Older Workers At Risk of Withdrawing from the Labour Force or Becoming Unemployed: Employers' views on how to retain and attract older workers
Setting the Context:
Overview of Key Populations of Older Workers At Risk of Withdrawing from the Workforce or Becoming Unemployed
Older Canadians are an important source of labour supply. Governments and workforce experts agree that the labour force participation of older workers will be essential for future economic prosperity.
However, it is important to note that not all older workers are the same. There are some key populations of older workers who face challenges and barriers that may put them at greater risk of withdrawing from the workforce or becoming unemployed in comparison to older adults in general. These include, but are not limited to:
- Displaced older workers (e.g., job loss related to layoff, plant closure, downsizing);
- Older workers with chronic, prolonged or episodic illness, injuries, mental health issues, or disabilities;
- Low-skilled and low-literacy older workers;
- Recent immigrant older workers;
- Older Aboriginal workers; and
- Older workers with family caregiving responsibilities.
Some of the barriers and challenges that these groups of older adults face include:
- Lack of re-employment opportunities;
- Low skill levels or skills specific to a former company or industry;
- Lack of job search skills;
- Lack of self-esteem or self-confidence to find a new job;
- Inability or reluctance to relocate;
- Difficulty obtaining flexible work arrangements and workplace accommodations; and
- Discrimination/stigma in the work place, including ageism.
Given the focus of this year’s priority, the following section provides an overview on key populations of at-risk older workers and the specific challenges these groups face in participating in the workforce. This section also describes how consulted employers define the term “at-risk”.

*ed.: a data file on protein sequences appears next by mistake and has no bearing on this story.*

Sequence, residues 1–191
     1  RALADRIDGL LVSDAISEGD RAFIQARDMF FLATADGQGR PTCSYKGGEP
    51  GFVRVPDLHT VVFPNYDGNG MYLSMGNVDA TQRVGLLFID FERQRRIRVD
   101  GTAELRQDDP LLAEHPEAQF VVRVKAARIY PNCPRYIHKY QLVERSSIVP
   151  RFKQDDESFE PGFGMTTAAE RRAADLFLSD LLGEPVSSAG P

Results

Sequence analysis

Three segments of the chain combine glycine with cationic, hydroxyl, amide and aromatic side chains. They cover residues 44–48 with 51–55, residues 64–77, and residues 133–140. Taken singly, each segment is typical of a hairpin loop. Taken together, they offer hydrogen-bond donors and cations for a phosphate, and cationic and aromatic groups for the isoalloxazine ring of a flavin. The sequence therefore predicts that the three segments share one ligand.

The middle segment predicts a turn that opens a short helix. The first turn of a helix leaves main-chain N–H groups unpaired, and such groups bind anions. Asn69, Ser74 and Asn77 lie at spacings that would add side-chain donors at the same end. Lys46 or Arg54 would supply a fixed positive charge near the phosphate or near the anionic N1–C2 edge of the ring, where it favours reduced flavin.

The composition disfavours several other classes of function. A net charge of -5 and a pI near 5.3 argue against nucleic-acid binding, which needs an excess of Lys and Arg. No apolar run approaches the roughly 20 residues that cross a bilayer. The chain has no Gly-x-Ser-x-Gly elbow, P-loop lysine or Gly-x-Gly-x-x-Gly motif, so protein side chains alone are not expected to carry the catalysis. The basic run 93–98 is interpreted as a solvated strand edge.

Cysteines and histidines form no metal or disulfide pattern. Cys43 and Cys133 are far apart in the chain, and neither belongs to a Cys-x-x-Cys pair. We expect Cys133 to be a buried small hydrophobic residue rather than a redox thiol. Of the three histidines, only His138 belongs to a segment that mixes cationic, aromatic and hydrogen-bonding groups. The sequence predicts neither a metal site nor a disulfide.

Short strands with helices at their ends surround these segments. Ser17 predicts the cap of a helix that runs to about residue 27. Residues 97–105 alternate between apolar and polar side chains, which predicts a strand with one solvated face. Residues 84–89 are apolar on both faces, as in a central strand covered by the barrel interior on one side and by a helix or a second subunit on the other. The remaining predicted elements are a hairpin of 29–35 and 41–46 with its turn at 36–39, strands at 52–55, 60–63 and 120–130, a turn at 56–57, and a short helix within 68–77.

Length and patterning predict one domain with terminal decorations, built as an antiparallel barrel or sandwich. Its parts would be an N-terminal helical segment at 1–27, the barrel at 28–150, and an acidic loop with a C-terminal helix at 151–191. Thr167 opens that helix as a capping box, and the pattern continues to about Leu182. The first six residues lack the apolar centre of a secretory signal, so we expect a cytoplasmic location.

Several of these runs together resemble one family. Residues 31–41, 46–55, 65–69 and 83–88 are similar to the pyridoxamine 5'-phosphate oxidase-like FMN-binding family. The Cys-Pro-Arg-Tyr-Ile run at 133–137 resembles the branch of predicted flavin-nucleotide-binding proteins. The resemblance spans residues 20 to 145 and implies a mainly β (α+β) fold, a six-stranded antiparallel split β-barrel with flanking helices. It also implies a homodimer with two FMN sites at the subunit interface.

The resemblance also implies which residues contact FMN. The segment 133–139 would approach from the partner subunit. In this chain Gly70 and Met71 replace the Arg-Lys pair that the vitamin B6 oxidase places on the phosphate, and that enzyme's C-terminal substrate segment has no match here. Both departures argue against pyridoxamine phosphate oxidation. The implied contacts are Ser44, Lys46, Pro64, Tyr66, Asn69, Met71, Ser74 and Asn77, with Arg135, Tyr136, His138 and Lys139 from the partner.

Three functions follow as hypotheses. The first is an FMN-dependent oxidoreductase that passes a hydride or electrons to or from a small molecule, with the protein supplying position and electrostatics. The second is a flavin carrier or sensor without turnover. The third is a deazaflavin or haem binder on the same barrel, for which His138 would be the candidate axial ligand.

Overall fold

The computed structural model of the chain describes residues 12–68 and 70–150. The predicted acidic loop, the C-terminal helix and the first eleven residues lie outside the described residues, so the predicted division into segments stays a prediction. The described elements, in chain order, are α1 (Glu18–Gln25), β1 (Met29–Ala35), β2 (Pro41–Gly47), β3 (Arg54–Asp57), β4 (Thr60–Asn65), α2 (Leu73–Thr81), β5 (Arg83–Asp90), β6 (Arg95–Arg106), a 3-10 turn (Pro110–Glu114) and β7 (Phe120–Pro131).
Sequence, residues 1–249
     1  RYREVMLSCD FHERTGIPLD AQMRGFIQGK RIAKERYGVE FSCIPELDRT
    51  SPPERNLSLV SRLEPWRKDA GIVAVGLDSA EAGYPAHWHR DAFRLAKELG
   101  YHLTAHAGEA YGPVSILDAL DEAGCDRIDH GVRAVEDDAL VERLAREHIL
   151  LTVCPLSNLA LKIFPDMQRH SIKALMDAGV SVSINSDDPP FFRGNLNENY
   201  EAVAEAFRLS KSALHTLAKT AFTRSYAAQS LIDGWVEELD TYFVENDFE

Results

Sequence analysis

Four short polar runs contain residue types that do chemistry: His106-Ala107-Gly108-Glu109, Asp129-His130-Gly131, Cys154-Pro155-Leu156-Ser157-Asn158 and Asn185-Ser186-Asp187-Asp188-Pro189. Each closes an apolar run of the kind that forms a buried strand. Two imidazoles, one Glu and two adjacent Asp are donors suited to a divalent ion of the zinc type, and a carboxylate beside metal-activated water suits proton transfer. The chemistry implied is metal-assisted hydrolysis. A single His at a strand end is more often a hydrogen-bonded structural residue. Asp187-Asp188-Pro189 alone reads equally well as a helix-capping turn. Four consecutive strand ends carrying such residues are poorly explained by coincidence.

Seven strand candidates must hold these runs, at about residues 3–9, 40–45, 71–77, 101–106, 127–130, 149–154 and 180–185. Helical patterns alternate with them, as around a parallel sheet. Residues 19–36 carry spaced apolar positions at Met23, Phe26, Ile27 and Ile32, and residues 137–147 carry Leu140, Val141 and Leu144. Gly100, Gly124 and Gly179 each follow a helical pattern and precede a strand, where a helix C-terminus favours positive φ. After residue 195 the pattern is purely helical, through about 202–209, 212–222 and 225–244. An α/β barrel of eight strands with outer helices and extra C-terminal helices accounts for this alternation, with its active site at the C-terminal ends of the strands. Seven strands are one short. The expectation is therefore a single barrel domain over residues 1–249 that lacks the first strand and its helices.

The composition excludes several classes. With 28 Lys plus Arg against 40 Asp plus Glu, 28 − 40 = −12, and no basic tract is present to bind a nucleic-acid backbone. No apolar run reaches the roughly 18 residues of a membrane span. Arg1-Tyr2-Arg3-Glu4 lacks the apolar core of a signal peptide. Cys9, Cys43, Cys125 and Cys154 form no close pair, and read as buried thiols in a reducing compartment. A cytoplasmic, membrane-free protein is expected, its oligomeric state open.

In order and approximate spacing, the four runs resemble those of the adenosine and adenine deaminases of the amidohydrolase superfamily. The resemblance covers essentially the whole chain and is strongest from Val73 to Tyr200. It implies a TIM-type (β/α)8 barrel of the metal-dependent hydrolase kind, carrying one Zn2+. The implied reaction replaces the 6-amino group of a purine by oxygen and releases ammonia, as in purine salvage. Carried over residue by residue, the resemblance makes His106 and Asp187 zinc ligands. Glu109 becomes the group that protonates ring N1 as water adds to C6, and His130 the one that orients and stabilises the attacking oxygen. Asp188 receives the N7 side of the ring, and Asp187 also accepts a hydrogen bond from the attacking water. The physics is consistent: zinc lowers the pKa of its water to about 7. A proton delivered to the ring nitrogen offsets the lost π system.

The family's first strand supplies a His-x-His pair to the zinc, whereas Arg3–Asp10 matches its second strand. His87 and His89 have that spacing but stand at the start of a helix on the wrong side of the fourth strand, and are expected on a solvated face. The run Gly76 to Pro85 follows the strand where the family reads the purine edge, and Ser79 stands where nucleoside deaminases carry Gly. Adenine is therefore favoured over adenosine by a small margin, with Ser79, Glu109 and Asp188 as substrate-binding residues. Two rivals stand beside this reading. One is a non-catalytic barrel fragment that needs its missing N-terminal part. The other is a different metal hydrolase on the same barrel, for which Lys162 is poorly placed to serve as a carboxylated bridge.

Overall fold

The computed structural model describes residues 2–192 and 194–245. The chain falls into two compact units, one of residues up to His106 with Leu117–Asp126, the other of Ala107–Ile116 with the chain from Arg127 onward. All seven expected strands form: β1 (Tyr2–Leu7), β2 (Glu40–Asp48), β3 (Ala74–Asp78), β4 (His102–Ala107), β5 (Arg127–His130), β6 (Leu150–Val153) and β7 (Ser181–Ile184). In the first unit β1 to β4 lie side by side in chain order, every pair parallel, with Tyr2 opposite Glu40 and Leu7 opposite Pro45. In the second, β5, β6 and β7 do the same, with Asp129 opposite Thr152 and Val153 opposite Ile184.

Older Canadians who lose their jobs stay unemployed longer and appear to have a more difficult time re-entering the workforce than their younger counterparts, core-aged workers aged 25 to 54.
Also, when unemployed older Canadians do find another job, they are more likely to suffer significant wage losses. About half of older Canadians aged 50-75 years old who returned to work after displacement reported significantly less income (e.g. at least 25 percent less) than their previous job.
Older Workers with Disabilities, Chronic, Prolonged or Episodic Illness, Mental Health Issues, or Injuries
Another group of older adults who may face more challenging labour market circumstances are older Canadians who have a disability; chronic, prolonged or episodic illness; or who have sustained an injury.
Over 40 percent of Canadians over the age of 65 self-report having a disability.
Individual health has a significant effect on early retirement and workforce participation.
After retirement, illness/disability was the most reported reason provided by older adults aged 55-64 (17.2 percent) and seniors over the age of 65 (9.3 percent) for leaving a job in the previous year in 2011.
It has also been found that for men, each additional chronic condition increases risk of early workforce exit by 25 percent.
Older adults in physically demanding work (e.g., involving crouching, bending, twisting, being in fixed position) are vulnerable to early exit as their work has placed them under physical strain leading to repetitive injuries and chronic conditions.
Adults with mental health issues and chronic physical disabilities experience a number of barriers to participating in the labour force including workplace discrimination, inflexibility, and stigma.
A recent report from the Panel on Labour Market Opportunities for Persons with Disabilities noted that a number of myths exist with respect to hiring people with disabilities. One commonly held myth is that the cost of accommodating a person with a disability is financially prohibitive when in reality workplace accommodations tend to be low cost.